Spending on public cloud to reach $26b this year — IDC
MIGRATING to the cloud promises several benefits — and although harnessing those hasn’t been easy for most companies — it seems like organizations have finally learned to tailor the cloud to their needs.
According to IDC, spending on public cloud services and infrastructure in the Asia Pacific (APAC) is forecast to reach US$26.0 billion this year, an increase of 47.1 percent over 2018 figures.
“Improving the business agility and speed is the main focus area for the adoption of Cloud technology in the region, access to new refined functionality and giving the business units more direct control over the sourcing of their own IT solutions are the other focus areas,” explained IDC APAC Customer Insights & Analysis Senior Research Manager Ashutosh Bisht.
Further, the think tank expects public cloud services to grow by almost three times over the forecast period (2018-2023) with a five-year compound annual growth rate (CAGR) of 33.9 percent reaching US$76.1 billion by 2023.
Of course, drilling into the specifics of the public cloud market reveals that Infrastructure as a Service (IaaS) is expected to remain the largest category of cloud computing. IaaS will account for 50.2 percent of overall public cloud spends this year and more than half throughout the forecast period.
Software as a Service (SaaS) is expected to take up a majority (39.03 percent) of the remaining cloud computing market, leaving just 10.7 percent to Platform as a Service (PaaS).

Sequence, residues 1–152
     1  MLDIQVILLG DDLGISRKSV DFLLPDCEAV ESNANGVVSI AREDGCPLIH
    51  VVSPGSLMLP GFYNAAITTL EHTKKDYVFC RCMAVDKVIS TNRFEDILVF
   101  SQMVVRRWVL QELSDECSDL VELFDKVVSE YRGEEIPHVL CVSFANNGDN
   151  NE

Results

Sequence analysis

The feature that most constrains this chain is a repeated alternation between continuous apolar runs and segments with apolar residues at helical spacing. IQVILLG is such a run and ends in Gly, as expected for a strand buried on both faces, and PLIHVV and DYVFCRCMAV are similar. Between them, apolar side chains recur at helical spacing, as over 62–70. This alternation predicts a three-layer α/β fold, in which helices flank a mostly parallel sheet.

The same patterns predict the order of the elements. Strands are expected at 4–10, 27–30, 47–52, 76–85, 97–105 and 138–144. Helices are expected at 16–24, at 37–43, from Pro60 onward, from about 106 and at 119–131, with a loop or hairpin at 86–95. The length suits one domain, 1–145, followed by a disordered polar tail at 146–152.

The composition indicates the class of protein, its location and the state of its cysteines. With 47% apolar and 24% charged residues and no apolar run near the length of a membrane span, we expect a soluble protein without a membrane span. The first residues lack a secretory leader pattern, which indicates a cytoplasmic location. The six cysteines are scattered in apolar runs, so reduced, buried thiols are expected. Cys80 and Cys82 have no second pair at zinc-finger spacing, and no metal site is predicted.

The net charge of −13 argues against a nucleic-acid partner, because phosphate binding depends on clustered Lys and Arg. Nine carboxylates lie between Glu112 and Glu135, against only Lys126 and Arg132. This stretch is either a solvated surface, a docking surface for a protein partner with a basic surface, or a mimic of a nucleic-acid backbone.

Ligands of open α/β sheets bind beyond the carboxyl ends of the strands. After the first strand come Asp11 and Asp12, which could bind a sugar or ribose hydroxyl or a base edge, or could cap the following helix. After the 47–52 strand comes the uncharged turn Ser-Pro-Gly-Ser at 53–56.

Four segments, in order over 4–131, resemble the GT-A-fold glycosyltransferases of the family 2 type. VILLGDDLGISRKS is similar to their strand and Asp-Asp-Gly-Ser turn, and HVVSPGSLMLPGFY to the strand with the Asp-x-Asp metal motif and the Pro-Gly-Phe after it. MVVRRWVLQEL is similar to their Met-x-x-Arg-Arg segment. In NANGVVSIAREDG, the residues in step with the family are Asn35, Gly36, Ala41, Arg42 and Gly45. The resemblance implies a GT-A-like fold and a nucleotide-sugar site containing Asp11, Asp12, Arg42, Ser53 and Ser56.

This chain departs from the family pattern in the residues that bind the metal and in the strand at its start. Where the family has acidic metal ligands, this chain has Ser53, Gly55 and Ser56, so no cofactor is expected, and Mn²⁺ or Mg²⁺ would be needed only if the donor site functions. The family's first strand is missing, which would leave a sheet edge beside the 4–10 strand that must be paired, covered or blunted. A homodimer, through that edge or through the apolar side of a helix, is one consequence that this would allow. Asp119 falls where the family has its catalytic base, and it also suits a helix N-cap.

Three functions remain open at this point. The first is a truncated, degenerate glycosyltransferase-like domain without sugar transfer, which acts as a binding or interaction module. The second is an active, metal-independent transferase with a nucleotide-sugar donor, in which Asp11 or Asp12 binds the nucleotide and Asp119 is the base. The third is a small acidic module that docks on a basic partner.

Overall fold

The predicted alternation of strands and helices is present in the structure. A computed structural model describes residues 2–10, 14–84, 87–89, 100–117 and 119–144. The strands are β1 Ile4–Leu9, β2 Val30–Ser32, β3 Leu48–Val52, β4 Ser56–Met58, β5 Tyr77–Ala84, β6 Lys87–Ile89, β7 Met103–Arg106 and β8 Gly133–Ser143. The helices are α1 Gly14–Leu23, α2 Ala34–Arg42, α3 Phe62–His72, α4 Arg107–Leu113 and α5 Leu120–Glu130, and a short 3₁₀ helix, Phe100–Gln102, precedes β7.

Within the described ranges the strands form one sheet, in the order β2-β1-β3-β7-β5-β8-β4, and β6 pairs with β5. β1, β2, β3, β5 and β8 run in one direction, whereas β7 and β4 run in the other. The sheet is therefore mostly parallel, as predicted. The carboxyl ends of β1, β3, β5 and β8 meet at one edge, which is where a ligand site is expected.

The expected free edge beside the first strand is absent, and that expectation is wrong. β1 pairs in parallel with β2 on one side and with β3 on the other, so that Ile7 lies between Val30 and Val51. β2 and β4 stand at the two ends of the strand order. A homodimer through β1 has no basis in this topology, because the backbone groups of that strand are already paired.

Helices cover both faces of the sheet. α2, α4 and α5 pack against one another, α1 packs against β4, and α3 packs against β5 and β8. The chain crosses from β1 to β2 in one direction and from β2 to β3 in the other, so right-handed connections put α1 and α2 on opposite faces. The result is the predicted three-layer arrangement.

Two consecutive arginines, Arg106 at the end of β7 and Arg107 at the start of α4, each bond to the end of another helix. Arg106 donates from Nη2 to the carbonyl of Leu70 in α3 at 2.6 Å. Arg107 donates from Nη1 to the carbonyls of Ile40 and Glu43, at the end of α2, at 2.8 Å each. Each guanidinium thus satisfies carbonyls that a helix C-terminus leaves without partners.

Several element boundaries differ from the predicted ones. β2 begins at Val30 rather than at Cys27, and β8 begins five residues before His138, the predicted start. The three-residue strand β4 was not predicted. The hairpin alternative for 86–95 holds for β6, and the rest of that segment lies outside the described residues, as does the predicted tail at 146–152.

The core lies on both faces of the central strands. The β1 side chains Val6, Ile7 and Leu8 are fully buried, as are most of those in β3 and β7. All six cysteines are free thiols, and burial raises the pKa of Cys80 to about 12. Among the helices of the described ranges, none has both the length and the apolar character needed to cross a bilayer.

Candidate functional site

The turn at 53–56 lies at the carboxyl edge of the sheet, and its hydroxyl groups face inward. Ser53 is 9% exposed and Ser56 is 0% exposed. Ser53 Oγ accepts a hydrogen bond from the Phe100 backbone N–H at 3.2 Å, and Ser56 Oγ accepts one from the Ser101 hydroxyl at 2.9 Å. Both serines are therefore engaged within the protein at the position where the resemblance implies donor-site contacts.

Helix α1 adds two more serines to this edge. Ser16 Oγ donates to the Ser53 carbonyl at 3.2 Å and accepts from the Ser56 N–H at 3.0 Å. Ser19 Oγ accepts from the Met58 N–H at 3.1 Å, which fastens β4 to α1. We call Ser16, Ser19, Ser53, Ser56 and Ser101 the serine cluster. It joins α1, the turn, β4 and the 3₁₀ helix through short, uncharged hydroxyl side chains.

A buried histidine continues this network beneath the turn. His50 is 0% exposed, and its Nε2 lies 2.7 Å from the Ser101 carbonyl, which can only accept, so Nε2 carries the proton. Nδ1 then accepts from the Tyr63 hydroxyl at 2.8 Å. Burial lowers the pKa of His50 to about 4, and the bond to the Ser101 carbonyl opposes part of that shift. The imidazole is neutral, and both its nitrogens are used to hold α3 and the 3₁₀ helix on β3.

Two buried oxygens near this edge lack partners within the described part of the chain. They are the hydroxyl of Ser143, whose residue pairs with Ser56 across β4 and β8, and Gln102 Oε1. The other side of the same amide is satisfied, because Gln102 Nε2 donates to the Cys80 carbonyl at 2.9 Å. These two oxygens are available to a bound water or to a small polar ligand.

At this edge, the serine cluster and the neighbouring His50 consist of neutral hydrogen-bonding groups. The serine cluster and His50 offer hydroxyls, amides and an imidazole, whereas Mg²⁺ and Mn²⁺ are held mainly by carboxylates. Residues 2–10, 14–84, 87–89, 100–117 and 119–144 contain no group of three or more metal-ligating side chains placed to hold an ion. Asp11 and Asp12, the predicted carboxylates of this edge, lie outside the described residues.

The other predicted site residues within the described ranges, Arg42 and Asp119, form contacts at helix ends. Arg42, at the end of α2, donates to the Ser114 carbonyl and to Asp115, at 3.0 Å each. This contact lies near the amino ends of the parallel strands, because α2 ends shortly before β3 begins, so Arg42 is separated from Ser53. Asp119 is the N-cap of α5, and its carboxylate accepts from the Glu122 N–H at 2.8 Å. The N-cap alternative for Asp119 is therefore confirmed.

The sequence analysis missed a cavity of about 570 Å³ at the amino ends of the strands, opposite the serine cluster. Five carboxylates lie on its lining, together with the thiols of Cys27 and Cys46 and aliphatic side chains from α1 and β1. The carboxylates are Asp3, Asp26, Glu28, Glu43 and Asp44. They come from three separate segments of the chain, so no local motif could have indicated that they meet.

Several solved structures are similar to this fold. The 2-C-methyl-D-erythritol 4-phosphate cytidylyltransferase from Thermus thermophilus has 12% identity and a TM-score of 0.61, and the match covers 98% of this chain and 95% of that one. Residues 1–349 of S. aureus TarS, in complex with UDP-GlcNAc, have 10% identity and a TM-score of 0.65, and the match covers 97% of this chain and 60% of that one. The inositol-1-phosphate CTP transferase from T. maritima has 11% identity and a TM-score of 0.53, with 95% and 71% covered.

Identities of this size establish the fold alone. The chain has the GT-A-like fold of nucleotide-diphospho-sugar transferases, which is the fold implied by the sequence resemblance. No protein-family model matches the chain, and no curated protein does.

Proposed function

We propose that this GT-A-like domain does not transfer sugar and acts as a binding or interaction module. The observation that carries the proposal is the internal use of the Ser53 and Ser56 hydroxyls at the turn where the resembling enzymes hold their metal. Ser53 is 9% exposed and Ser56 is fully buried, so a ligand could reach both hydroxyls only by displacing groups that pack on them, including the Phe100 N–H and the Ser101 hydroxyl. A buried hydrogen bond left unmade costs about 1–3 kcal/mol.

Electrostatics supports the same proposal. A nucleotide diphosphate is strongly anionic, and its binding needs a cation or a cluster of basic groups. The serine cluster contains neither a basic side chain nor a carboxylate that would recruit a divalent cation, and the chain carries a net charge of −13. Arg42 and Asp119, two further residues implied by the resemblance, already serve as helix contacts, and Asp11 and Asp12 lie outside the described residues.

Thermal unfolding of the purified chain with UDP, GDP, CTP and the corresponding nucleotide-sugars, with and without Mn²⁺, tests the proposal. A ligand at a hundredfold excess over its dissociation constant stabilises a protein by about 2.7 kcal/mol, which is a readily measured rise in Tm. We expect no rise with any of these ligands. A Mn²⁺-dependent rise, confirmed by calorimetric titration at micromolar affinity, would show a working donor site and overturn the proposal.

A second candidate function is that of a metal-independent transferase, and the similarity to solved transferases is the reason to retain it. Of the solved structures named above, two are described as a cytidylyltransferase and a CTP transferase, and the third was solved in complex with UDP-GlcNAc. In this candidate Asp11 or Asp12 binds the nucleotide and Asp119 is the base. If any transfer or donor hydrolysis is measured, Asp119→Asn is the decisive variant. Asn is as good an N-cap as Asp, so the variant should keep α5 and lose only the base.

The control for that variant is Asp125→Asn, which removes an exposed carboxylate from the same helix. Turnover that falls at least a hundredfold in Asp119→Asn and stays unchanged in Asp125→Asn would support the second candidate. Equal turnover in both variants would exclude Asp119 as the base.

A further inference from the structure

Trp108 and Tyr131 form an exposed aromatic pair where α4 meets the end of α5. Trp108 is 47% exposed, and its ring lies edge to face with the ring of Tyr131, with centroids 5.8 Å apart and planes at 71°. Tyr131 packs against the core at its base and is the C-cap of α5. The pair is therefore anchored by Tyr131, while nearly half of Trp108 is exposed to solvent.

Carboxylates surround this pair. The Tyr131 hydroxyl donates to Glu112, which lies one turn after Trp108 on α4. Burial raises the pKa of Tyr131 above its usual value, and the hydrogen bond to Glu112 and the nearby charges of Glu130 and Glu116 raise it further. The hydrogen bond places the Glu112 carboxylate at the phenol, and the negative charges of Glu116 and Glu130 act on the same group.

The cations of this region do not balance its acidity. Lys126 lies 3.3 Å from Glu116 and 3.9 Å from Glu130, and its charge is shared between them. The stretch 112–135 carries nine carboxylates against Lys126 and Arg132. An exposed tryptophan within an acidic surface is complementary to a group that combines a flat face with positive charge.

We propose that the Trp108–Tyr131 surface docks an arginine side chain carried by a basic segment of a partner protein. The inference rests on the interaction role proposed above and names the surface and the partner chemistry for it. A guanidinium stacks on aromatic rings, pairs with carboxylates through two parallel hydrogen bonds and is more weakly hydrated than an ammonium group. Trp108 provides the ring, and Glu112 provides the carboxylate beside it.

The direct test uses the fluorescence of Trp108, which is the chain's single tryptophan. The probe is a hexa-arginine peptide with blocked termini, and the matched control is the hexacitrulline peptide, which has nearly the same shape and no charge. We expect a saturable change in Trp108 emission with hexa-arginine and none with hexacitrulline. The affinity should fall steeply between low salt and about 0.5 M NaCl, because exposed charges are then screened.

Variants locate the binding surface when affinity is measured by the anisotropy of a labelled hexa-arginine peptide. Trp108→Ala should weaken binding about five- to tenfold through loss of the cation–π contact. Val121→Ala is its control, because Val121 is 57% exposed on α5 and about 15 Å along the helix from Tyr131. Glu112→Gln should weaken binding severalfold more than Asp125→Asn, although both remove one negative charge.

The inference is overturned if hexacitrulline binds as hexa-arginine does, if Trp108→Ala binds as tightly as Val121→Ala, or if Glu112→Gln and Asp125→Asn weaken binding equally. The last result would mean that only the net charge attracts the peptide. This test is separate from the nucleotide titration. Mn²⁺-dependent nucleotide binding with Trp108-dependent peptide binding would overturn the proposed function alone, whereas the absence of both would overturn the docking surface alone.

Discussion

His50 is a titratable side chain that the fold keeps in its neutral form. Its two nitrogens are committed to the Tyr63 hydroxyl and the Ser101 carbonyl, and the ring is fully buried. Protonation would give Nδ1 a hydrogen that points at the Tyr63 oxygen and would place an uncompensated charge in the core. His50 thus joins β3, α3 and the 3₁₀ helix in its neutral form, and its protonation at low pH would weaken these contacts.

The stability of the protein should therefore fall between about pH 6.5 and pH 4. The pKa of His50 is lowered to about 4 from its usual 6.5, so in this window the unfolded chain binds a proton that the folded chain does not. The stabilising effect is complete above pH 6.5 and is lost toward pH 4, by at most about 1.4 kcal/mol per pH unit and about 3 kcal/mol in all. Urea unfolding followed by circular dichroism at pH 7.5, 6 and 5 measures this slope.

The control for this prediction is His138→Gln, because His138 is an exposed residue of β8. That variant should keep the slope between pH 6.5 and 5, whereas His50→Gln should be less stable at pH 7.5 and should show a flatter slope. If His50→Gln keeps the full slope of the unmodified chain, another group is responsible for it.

IDC’s forecast suggests that spending on IaaS will be balanced throughout the forecast with server spending trending slightly ahead of storage spending. SaaS spending, which is comprised of applications and system infrastructure software, will be dominated by applications purchases.
Finally, PaaS spending — although barely taking double digits in the cloud market right now — is expected to be led by data management software and record a five-year CAGR of 55.6 percent during the forecast period.
“Security concerns and IT governance are the major inhibitors towards the cloud adoption but sentiments about security on the public cloud have changed over recent years, with improving IT securities now considered as one of the top drivers for public cloud adoption.”
Legacy systems and infrastructure, it turns out, is more vulnerable to sophisticated attacks than transactional data on a cloud-based accounting package, for example.
In the case of the latter, it is up to the SaaS accounting package provider (usually a reputable technology company) to secure the application and the infrastructure.
Finally, while spending on cloud services is expected to skyrocket, IDC’s analysts clarify that the bulk of that is expected to flow from very large businesses (more than 1000 employees), medium-sized businesses (100-499 employees), and large businesses (500-999 employees), with 37.7 percent 29.8 percent, and 20.5 percent of all public cloud spending in the APAC.
Although small businesses (10-99 employees) and small offices (1-9 employees) will see spending on cloud in the low single digits throughout the forecast period, it doesn’t mean a majority of them won’t migrate to the cloud — it’s just that their spending will be proportionately smaller.
Overall, the reality is that public cloud services and infrastructure are expected to grow significantly. It is a critical part of the digital transformation plan for any organization and is not only expected to help lower IT costs and boost efficiencies but is also expected to help embrace other emerging technologies such as big data and artificial intelligence.
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